I have to give a special mention to the following possibly slightly backpacker central restaurant based purely on its name: Weather Spoon’s! As soon as I heard about this place in the Nyang U area of Bagan, I knew we’d have to eat there for the pure novelty of the fact it’s named after the famous cheap pub chain from back home, Wetherspoon’s. The owner had visited the UK a few times and had worked and hung out in a local namesake in Bristol. He’d loved his time there so much he decided to open his own tourist cafe named after the bargain drinking spot. Winton said his favourite pint had been Fosters (easily pleased). He’d actually been in Bristol to learn how to make hot air balloons – sounds a bit random but Bagan offers hot air balloon rides at certain times of year over its temples (the best way to see them but very pricey) and Bristol is home to the industry in Britain.


Weather Spoon’s Bagan


The owner Winton

The restaurant offers a range of western and Myanmar food. We were keen as ever to try out the local dishes so we ordered three salads to try (ginger, tea leaf and papaya), beef curry and chicken curry – all delicious and far healthier, cheaper and more interesting than anything I’ve ever eaten in a Wetherspoon’s back home! It wasn’t the best bargain we’d had but at only 14,000 kyat ($14) including 3 beers you can’t complain.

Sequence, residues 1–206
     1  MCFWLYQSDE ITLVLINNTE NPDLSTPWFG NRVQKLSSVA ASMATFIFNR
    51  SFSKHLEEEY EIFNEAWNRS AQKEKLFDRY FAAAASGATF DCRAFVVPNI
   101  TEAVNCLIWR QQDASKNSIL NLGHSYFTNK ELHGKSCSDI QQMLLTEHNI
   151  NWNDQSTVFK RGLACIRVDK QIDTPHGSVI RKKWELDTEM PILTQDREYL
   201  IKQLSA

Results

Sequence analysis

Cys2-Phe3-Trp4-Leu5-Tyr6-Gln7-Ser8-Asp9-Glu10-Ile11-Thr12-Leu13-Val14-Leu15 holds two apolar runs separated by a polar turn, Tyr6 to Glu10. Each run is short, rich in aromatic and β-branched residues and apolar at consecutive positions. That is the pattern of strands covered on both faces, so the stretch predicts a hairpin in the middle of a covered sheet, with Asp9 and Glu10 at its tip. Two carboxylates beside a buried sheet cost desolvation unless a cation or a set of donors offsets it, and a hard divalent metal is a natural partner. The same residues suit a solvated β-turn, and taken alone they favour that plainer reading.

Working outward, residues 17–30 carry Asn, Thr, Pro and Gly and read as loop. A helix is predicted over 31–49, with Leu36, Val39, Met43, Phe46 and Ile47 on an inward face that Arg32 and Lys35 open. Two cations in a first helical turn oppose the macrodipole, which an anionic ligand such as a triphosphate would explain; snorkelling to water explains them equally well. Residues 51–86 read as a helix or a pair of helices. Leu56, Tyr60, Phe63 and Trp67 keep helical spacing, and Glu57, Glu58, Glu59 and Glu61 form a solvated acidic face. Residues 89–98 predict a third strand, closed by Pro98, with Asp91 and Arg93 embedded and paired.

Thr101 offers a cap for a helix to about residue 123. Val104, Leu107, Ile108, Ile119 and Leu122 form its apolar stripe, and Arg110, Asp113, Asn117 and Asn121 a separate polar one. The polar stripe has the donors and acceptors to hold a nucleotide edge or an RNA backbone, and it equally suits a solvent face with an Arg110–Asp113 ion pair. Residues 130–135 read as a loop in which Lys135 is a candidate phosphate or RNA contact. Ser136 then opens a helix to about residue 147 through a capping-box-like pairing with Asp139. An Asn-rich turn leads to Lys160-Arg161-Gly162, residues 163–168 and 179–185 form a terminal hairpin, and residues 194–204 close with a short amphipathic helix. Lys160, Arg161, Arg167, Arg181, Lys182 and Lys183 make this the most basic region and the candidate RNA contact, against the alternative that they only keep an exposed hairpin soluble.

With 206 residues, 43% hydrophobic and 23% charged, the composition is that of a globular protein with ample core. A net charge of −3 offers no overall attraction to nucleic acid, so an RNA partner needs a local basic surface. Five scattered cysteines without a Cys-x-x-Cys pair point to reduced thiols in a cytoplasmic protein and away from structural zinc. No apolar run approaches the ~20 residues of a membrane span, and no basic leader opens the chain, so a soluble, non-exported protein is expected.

Way more exciting than beer and a burger


I added to the positive graffiti feedback on his walls

I wish the best of luck to Winton and his booming business in Bagan. I’m sure his warm nature and tasty menu will continue to be a hit with travellers. The name certainly has nothing to do with disappointing burgers or cheap old man ale!